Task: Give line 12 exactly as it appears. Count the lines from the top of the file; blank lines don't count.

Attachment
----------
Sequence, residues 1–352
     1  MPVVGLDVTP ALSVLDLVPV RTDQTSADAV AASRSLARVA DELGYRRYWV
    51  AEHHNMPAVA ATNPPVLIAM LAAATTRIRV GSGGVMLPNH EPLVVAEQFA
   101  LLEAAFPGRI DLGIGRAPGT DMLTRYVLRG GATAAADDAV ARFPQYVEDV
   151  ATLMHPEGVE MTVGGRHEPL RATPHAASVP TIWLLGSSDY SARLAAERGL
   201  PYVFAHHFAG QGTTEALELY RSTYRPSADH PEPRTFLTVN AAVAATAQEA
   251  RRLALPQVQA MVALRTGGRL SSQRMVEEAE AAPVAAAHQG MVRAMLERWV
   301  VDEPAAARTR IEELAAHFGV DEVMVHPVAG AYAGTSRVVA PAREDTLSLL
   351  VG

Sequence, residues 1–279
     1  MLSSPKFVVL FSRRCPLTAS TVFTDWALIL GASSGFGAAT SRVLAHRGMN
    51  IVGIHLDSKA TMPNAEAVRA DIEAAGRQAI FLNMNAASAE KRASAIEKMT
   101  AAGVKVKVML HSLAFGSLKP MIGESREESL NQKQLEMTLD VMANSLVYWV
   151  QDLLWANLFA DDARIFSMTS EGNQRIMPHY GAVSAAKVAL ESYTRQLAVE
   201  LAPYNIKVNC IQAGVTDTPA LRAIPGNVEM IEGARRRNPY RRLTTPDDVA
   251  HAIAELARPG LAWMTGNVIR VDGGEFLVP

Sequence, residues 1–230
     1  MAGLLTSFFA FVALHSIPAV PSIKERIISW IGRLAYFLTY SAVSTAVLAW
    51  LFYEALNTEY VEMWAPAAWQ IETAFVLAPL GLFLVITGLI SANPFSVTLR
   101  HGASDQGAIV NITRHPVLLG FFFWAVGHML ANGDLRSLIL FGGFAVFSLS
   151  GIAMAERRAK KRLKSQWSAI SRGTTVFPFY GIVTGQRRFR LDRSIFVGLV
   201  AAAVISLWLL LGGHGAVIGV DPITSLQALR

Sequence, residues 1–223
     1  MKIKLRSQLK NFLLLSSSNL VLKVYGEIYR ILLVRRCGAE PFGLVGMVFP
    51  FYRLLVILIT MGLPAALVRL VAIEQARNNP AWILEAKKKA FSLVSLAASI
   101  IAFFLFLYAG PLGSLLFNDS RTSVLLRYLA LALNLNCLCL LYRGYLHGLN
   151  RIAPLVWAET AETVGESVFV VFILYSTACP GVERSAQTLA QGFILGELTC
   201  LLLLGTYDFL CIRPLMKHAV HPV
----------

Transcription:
    51  IVGIHLDSKA TMPNAEAVRA DIEAAGRQAI FLNMNAASAE KRASAIEKMT